The following year, 1715, Leibnitz, with the view of bringing the world more easily into the belief that Newton had taken the method of fluxions from his Differential method, attempted to foil his mathematical skill by the famous problem of the trajectories, which he therefore proposed to the English by way of challenge; but the solution of this, though the most difficult proposition he was able to devise, and what might pass for an arduous affair to any other, yet was hardly any more than an amusement to Newton's penetrating genius: he received the problem at 4 o'clock in the afternoon, as he was returning from the Mint; and, though extremely fatigued with business, yet he finished the solution before he went to bed.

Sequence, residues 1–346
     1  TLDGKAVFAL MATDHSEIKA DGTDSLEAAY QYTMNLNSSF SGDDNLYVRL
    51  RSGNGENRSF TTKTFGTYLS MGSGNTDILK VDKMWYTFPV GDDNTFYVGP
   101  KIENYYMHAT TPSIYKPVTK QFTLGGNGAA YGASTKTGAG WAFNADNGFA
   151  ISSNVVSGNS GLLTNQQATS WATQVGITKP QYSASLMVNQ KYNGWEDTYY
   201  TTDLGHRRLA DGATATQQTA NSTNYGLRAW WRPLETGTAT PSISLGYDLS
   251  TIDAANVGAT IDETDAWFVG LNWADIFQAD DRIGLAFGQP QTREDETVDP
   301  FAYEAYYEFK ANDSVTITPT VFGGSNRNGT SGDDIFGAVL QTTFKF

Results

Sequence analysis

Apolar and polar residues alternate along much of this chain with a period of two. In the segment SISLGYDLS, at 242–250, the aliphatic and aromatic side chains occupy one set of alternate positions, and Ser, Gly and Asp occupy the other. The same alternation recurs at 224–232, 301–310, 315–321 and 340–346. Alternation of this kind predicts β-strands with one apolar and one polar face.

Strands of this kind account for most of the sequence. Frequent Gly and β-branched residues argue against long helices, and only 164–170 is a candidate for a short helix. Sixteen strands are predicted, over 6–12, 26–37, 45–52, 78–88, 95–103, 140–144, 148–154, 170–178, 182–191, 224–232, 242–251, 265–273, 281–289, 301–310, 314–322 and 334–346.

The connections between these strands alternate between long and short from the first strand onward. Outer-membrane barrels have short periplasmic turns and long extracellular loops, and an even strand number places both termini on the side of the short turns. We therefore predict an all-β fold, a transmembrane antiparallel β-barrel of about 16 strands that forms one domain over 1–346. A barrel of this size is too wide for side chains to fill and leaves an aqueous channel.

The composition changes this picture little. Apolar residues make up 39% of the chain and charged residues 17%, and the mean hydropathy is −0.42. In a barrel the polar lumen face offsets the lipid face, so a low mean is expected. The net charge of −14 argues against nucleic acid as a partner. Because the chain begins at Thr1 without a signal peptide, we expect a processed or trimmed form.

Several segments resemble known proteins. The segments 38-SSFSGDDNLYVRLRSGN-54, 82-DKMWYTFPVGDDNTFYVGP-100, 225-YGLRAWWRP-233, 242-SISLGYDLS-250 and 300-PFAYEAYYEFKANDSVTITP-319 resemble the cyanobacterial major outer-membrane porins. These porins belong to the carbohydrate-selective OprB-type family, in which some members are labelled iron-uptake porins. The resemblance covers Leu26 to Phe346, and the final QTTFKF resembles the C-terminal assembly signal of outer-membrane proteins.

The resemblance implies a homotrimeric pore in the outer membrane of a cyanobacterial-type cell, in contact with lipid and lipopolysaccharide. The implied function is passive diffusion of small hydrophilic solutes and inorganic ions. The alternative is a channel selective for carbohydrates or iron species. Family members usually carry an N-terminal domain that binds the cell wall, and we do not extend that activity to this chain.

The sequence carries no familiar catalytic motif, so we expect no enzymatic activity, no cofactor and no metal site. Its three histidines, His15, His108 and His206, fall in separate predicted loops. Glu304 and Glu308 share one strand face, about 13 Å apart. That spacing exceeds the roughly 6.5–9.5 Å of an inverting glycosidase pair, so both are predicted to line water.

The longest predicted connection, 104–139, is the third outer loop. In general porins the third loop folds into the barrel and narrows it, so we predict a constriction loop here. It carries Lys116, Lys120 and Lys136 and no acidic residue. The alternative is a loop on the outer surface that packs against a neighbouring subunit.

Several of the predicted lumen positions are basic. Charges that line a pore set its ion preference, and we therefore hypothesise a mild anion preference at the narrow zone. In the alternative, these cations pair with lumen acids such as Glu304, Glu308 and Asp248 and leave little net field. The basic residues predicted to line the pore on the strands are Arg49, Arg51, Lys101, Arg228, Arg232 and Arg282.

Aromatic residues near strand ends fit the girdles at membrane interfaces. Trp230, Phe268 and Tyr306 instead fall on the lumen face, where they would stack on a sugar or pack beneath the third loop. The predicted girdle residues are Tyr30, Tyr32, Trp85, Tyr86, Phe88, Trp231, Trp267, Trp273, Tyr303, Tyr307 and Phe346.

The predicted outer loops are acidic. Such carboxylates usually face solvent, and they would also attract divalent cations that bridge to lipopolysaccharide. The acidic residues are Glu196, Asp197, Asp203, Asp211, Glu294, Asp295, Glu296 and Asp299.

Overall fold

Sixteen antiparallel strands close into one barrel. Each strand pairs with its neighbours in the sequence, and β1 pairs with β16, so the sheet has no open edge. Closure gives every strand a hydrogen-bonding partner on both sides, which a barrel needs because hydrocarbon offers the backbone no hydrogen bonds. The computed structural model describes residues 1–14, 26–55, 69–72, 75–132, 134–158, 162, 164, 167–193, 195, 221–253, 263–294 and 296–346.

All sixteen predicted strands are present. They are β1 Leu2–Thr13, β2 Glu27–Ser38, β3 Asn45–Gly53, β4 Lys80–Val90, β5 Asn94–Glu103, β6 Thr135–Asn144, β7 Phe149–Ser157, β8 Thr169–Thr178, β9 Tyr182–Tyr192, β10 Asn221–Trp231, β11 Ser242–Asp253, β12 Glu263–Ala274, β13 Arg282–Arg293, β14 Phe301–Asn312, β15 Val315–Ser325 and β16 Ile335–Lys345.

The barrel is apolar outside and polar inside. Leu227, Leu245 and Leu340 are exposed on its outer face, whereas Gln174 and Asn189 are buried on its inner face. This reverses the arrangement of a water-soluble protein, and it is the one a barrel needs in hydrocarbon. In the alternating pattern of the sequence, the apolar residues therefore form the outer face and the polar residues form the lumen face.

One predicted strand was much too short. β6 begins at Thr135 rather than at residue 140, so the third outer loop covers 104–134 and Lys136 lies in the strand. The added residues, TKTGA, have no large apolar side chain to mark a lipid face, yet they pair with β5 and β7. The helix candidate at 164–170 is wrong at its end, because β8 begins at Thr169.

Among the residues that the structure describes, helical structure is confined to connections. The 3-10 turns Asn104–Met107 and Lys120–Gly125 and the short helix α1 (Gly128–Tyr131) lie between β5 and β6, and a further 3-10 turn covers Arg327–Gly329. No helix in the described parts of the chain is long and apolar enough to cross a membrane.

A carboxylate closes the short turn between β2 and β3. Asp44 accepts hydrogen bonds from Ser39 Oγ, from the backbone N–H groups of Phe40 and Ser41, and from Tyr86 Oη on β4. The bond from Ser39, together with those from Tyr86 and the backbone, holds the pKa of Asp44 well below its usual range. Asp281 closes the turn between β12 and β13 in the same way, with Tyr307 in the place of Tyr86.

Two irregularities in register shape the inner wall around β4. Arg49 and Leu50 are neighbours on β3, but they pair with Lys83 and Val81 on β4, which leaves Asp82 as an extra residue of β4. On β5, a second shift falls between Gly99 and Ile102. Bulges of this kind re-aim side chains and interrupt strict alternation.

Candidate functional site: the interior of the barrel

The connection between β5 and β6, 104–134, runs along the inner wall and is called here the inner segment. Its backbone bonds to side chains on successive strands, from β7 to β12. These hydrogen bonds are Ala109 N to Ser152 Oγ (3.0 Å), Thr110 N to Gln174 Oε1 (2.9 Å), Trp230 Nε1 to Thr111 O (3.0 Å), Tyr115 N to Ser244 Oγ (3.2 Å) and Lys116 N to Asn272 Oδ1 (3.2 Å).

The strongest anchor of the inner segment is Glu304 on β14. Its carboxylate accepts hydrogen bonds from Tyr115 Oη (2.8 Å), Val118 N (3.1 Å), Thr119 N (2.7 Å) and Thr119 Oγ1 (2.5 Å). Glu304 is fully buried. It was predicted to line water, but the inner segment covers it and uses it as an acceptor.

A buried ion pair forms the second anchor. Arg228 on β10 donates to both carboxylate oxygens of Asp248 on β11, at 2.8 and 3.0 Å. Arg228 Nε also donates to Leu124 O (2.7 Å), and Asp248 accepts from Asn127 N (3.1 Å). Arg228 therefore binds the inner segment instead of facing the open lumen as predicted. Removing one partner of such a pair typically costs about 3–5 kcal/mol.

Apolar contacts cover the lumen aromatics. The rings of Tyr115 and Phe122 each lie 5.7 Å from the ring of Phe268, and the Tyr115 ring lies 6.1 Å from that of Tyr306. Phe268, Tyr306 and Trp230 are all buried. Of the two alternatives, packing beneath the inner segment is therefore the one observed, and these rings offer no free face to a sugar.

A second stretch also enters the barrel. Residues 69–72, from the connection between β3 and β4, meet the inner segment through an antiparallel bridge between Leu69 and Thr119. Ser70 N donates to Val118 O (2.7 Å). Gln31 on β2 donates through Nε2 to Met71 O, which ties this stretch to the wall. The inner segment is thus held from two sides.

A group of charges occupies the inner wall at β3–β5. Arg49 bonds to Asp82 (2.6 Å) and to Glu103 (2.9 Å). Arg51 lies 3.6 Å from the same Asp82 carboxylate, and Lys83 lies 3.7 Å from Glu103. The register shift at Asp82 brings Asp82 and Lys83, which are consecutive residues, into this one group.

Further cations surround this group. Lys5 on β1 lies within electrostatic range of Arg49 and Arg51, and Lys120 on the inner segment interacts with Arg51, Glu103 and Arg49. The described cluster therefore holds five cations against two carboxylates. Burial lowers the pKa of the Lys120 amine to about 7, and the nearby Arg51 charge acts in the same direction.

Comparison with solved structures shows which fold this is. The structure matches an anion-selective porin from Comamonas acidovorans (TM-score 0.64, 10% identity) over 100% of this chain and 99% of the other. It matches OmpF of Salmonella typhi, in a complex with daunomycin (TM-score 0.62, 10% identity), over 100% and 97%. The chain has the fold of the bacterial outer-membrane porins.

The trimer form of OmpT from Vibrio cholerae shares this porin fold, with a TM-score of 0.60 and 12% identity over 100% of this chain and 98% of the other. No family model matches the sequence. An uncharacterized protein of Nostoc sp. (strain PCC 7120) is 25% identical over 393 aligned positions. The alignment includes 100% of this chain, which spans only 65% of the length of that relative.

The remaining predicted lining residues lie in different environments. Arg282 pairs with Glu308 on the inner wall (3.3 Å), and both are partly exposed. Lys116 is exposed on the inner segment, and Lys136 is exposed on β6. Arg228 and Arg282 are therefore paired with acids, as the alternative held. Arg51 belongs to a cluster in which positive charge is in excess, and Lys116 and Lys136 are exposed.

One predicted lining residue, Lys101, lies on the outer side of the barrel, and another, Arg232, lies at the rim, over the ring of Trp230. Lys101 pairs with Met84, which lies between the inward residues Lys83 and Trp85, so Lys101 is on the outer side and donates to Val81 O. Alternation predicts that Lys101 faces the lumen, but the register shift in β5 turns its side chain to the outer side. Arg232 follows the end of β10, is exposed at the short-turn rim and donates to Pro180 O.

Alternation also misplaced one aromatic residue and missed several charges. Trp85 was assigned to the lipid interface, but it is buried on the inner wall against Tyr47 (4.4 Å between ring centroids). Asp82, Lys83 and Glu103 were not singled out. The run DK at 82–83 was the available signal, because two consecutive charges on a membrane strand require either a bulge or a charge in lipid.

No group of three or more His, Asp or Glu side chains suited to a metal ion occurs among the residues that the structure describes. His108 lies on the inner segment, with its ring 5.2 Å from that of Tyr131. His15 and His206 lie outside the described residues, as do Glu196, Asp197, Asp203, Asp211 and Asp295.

As Leibnitz was privy-counsellor of justice to the elector of Hanover, so when that prince was raised to the British throne, Newton came more under the notice of the court; and it was for the immediate satisfaction of George the First, that he was prevailed on to put the last hand to the dispute about the invention of Fluxions. In this court, Caroline princess of Wales, afterwards queen consort to George the Second, happened to have a curiosity for philosophical enquiries; no sooner therefore was she informed of our author's attachment to the house of Hanover, than she engaged his conversation, which soon endeared him to her. Here she found in every difficulty that full fatisfaction, which she had in vain sought for elsewhere; and she was often heard to declare publicly, that she thought herself happy in coming into the world at a juncture of time, which put it in her power to converse with him. It was at this princess's solicitation, that he drew up an abstract of his Chronology; a copy of which was at her request communicated, about 1718, to signior Conti, a Venetian nobleman, then in England, upon a promise to keep it secret. But notwithstanding this promise, the abbé, who while here had also affected to shew a particular friend<*>hip for Newton, though privately betraying him as much as lay in his power to Leibnitz, was no sooner got across the water into France, than he dispersed copies of it, and procured an antiquary to translate it into French, as well as to write a confutation of it. This, being printed at Paris in 1725, was delivered as a present from the bookseller that printed it to our author, that he might obtain, as was said, his consent| to the publication; but though he expressly refused such consent, yet the whole was published the same year. Hereupon. Newton found it necessary to publish a Defence of himself, which was inserted in the Philosophical Transactions. Thus he, who had so much all his life long been studious to avoid disputes, was unavoidably all his life time, in a manner, involved in them; nor did this last-dispute even finish at his death, which happened the year following. Newton's paper was republished in 1726 at Paris, in French, with a letter of the abbé Conti in answer to it; and the same year some dissertations were printed there by father Souciet against Newton's Chronological Index, an answer to which was inserted by Halley in the Philosophical Transactions, numb. 397.